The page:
Editorial: Mobile and the 2017 Developer Survey ResultsBy Ariel Elkin
Stack Overflow has recently published the results of its 2017 Developer Survey. It consisted of about 100 questions covering all important aspects of a developer’s professional life: from attitudes towards programming language to salaries, including important yet overlooked topics such as what would developers choose for performance metrics. Now in its seventh year, the Developer Survey is gathering and quantifying important information about us and our industry. Let’s take a closer look at what it says about mobile.
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Of the 51,392 respondents who provided usable responses, 23% considered themselves mobile developers. Note that respondents could select more than one category, and the survey doesn’t clarify what percentage of developers consider themselves primarily mobile developers. What we can nonetheless infer is that 77% of developers do not consider themselves mobile developers. In other words, we are a minority.
Only 1,558 respondents (much less than 23% of the above 51,392) specified which mobile platforms they develop on. Curious outcome. 64.8% of us are on Android, 57.6% on iOS, the rest on Windows Phone and Blackberry. It’s worthwhile noting that this is not proportional to the respective platforms’ market share. This means many developers develop for both platforms, but the survey says nothing about whether or not they use cross-platform development frameworks.
Where is the love? 62.0% of developers developing in iOS have expressed interest in continuing to develop with it. Very similar results with Android: 61.6% of Android developers have said the same thing about Android. This means that almost 40% of all mobile developers, regardless of platform, have not expressed interest in continuing to develop for their mobile platform. Where they would rather flock to isn’t clear. Android turned out to be the platform that attracts the most newcomers, but just 20.6% of them. The numbers tell us that just two thirds of mobile developers are happy with their platform (yes, just 2/3; to me, that’s small), but the numbers don’t tell us what the majority of dissatisfied mobile developers would rather do.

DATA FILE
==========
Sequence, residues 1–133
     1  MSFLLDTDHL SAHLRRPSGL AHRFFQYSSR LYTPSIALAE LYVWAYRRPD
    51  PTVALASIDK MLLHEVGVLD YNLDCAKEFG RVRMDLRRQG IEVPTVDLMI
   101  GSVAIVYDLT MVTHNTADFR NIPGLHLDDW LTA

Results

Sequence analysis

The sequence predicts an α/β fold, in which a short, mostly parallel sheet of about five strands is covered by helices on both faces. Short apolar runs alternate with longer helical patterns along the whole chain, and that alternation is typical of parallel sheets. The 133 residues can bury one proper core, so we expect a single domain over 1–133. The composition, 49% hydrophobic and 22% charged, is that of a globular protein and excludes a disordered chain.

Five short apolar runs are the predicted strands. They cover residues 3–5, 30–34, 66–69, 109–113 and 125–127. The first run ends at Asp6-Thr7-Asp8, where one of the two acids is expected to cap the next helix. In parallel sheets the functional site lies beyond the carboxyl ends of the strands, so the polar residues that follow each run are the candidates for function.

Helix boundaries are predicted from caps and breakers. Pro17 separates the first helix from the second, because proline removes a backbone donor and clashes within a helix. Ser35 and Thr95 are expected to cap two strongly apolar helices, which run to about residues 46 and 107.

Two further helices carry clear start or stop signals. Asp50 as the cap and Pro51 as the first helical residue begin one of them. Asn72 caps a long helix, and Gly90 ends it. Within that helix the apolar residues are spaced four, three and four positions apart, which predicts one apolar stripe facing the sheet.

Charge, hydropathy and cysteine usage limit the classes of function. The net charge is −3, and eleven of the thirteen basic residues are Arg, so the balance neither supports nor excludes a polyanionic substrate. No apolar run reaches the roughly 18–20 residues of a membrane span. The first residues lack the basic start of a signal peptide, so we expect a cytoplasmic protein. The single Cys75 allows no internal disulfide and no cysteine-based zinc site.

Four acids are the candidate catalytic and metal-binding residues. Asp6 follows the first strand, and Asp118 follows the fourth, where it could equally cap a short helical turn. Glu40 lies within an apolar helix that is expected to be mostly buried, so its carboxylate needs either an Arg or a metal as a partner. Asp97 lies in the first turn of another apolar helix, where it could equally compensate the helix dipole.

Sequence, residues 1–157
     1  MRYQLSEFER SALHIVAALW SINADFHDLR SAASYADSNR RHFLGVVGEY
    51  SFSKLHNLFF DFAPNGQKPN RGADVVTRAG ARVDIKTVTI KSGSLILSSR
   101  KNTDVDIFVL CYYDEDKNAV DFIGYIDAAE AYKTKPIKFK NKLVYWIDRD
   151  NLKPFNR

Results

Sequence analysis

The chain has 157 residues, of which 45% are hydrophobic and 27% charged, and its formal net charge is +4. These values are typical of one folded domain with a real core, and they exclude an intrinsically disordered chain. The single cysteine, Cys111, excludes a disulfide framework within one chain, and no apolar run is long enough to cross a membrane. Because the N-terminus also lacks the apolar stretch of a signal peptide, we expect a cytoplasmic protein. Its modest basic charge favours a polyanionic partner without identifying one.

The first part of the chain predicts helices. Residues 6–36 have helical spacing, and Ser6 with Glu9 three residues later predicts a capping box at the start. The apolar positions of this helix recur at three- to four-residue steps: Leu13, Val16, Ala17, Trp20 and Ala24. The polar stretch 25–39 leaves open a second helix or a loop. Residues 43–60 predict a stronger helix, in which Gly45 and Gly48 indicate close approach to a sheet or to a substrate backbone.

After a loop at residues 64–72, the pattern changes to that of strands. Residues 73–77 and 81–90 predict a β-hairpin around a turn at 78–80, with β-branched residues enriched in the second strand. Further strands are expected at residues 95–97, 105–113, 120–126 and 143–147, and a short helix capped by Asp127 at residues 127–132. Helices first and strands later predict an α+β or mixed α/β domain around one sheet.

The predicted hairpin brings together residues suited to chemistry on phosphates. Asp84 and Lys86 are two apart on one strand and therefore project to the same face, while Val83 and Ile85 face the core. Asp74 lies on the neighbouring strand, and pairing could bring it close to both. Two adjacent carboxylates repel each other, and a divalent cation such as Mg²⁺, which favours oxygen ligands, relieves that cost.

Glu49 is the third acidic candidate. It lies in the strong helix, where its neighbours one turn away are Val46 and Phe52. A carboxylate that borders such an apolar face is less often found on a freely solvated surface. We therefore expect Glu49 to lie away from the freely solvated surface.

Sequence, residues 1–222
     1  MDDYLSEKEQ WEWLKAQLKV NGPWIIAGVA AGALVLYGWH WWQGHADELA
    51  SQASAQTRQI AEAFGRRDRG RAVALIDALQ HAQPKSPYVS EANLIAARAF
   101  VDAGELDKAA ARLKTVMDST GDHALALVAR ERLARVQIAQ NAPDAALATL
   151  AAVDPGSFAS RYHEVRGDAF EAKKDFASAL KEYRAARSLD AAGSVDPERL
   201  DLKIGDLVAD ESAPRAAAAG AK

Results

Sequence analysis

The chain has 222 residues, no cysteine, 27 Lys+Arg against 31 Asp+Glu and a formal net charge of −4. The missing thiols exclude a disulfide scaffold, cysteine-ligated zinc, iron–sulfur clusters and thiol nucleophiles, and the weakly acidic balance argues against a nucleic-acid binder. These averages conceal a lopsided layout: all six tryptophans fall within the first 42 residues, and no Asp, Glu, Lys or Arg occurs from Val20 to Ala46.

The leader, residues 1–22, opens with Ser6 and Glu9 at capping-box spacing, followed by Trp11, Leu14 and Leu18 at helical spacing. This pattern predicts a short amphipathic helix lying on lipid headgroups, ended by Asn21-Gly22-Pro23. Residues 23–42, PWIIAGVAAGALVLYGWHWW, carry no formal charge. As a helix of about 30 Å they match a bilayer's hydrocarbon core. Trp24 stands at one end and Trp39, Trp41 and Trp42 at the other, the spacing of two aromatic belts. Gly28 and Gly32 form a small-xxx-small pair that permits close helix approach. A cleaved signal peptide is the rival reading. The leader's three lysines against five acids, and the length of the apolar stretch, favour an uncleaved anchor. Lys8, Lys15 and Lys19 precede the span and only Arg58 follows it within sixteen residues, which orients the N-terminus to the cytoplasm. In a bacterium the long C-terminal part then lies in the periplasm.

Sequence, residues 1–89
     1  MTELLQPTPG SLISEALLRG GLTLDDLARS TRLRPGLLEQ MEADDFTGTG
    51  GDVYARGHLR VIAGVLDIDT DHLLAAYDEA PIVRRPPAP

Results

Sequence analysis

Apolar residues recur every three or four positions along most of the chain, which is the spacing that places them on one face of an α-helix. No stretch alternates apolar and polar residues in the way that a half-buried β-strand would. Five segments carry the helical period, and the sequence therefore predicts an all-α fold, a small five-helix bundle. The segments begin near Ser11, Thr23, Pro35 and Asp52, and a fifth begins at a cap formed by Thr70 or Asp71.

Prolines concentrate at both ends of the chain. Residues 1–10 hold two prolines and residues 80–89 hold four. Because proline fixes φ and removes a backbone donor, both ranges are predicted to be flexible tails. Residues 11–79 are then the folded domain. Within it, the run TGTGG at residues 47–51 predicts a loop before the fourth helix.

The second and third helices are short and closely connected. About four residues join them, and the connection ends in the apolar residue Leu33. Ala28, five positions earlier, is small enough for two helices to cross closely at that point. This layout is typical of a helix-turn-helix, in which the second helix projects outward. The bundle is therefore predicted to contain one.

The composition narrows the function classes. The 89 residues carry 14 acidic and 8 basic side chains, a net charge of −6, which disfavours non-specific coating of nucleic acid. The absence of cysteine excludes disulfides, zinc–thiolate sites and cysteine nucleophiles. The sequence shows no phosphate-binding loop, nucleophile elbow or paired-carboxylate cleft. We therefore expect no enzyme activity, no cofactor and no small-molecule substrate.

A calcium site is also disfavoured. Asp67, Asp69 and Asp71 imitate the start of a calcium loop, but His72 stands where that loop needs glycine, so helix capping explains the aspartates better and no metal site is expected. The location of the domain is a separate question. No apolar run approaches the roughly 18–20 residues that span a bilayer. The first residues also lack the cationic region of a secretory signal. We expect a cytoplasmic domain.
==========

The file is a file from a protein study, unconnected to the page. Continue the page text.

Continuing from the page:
Is it about the money? Mobile Developers, says the Survey, are globally paid less than Web Developers – we make about US$43,656 a year, US$5,000 less than the web folks (an 11% difference). However, still according to the Survey, we command slightly higher salaries than the Web folks in the US, Canada, and France (but not in the UK and Germany). Additionally, these results sound strange if you get your numbers from PayScale, “the largest salary profile database in the world”, which lists salary ranges for mobile developers starting and ending at higher points than web developers – both in the US and in the UK. It would be good to hear the surveymakers’ and your explanation for this incongruence.
Be that as it may, I don’t consider these numbers to be insightful in their raw form – remember salaries always vary according to a handful of parameters, such as local cost of living (many (if not most) US cities are less expensive than London), bonuses, and other fringe benefits. Those parameters can easily influence the averages that came out in the Survey.
In more general terms, a datum which caught my eye was the following: as performance metrics, the overwhelming majority of developers prefer “customer satisfaction” over “bugs found” and “benchmarked performance”. Less than 25% of developers care about bugs found and benchmarked performance as performance metrics. Code shipping on time and in budget, and making customers happy, as well as “peers’ rating”, are the criteria most developers prefer to use when evaluating their performance. To those folks, I will say the following: duct tape is a bad long-term strategy. Your successors will use your portrait as a dartboard. And you belong in QA.
In closing, I think Stack Overflow deserves kudos for gathering, compiling, and presenting such important pieces of information about us and our industry. I also hope that their results stimulate more debate than they usually do. Your comments are, as always, welcome below, on Twitter, and beyond.